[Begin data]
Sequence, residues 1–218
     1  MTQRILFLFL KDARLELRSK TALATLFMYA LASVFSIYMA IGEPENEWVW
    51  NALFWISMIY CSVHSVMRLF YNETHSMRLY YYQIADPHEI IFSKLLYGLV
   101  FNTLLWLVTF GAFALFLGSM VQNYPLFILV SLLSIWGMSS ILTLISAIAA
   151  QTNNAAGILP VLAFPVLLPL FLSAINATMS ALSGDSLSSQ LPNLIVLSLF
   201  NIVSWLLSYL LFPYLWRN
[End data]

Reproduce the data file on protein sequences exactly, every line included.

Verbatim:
Sequence, residues 1–218
     1  MTQRILFLFL KDARLELRSK TALATLFMYA LASVFSIYMA IGEPENEWVW
    51  NALFWISMIY CSVHSVMRLF YNETHSMRLY YYQIADPHEI IFSKLLYGLV
   101  FNTLLWLVTF GAFALFLGSM VQNYPLFILV SLLSIWGMSS ILTLISAIAA
   151  QTNNAAGILP VLAFPVLLPL FLSAINATMS ALSGDSLSSQ LPNLIVLSLF
   201  NIVSWLLSYL LFPYLWRN